is withdrawing its July 20, 1998 ANPRM on Safety Fitness Procedures.
Issued on: October 31, 2005.
Annette M. Sandberg,
Appendix--Discussion of Comments to the ANPRM
FMCSA's 1998 ANPRM on Safety Fitness Procedures invited
responses to 21 specific questions focusing on how the agency's
future SFRM should look. FMCSA received responses from 37 commenters
\1\. Listed below are the questions asked in the ANPRM and, under
each, a summary of the public comments the agency has received to
date. As noted in the preamble to this notice, FMCSA will address
these comments in the context of the CSA 2010 initiative and in any
SFRM rulemaking growing out of that study.
\1\ Comments were received from the following: 11 State
governmental organizations (Arizona Department of Public Safety;
Colorado Department of Public Safety, Colorado State Patrol;
Department of California Highway Patrol; Idaho Department of Law
Enforcement, State Police Division; Iowa Department of
Transportation; Louisiana Department of Public Safety and
Correction, Louisiana State Police; Michigan Department of State
Police; Michigan Public Service Commission; Oregon Department of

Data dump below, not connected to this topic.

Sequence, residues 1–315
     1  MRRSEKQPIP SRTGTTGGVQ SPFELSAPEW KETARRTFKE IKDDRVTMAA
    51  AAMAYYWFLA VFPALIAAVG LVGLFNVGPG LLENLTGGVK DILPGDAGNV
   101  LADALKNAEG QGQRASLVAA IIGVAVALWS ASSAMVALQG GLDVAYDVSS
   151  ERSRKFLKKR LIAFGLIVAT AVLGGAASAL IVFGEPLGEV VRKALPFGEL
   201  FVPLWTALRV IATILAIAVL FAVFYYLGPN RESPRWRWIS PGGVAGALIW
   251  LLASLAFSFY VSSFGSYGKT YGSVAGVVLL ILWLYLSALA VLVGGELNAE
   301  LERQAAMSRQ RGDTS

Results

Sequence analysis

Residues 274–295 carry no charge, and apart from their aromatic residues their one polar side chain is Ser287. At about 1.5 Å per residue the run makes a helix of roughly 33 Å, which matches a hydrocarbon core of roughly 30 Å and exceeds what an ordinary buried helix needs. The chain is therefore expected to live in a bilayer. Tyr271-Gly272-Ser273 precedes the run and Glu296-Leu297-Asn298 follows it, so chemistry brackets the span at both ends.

Transportation; Oregon Freight Advisory Committee; and Public
Utilities Commission of Ohio, Transportation Department), 9 motor
carriers (ABC Bus Companies, Inc.; CoachUSA; Duplainville Transport;
Frozen Food Express Industries, Inc.; HCI U.S.A. Distribution
Companies, Inc.; Interstate Distributor Co.; Thompson Trucking,
Inc.; Werner Enterprises, Inc.; and Yellow Corporation and
subsidiaries), 8 trade associations (American Insurance Association;
American Trucking Associations (ATA); Association of Waste Hazardous
Materials Transporters; Commercial Vehicle Safety Alliance; National
Private Truck Council (NPTC); National Tank Truck Carriers, Inc.;
Transportation Lawyers Association; and Truckload Carriers
Association), 3 consulting groups (Consolidated Safety Services,
Inc.; International Motor Carrier Audit Commission; and Tran
Services), a utility company (Alabama Power Company), a safety
advocacy group (Advocates for Highway and Auto Safety), a labor